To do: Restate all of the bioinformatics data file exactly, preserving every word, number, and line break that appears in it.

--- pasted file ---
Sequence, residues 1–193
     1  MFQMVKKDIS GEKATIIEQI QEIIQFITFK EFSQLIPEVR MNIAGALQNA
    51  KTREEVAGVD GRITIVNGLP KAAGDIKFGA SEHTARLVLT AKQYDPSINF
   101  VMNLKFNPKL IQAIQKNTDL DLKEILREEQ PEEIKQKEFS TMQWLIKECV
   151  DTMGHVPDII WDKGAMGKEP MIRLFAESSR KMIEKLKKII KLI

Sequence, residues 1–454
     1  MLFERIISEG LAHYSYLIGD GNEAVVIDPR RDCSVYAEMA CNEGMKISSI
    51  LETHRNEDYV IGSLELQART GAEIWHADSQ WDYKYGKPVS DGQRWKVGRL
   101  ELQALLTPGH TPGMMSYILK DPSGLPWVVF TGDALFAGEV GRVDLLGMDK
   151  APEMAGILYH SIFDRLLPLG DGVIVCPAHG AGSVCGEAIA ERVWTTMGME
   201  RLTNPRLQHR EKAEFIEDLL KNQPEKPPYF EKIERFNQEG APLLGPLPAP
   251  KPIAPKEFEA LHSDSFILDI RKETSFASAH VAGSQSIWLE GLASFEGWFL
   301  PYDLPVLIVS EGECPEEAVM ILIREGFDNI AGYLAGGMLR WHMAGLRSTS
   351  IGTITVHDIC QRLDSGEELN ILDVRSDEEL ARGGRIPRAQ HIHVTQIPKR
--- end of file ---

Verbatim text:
Sequence, residues 1–193
     1  MFQMVKKDIS GEKATIIEQI QEIIQFITFK EFSQLIPEVR MNIAGALQNA
    51  KTREEVAGVD GRITIVNGLP KAAGDIKFGA SEHTARLVLT AKQYDPSINF
   101  VMNLKFNPKL IQAIQKNTDL DLKEILREEQ PEEIKQKEFS TMQWLIKECV
   151  DTMGHVPDII WDKGAMGKEP MIRLFAESSR KMIEKLKKII KLI

Sequence, residues 1–454
     1  MLFERIISEG LAHYSYLIGD GNEAVVIDPR RDCSVYAEMA CNEGMKISSI
    51  LETHRNEDYV IGSLELQART GAEIWHADSQ WDYKYGKPVS DGQRWKVGRL
   101  ELQALLTPGH TPGMMSYILK DPSGLPWVVF TGDALFAGEV GRVDLLGMDK
   151  APEMAGILYH SIFDRLLPLG DGVIVCPAHG AGSVCGEAIA ERVWTTMGME
   201  RLTNPRLQHR EKAEFIEDLL KNQPEKPPYF EKIERFNQEG APLLGPLPAP
   251  KPIAPKEFEA LHSDSFILDI RKETSFASAH VAGSQSIWLE GLASFEGWFL
   301  PYDLPVLIVS EGECPEEAVM ILIREGFDNI AGYLAGGMLR WHMAGLRSTS
   351  IGTITVHDIC QRLDSGEELN ILDVRSDEEL ARGGRIPRAQ HIHVTQIPKR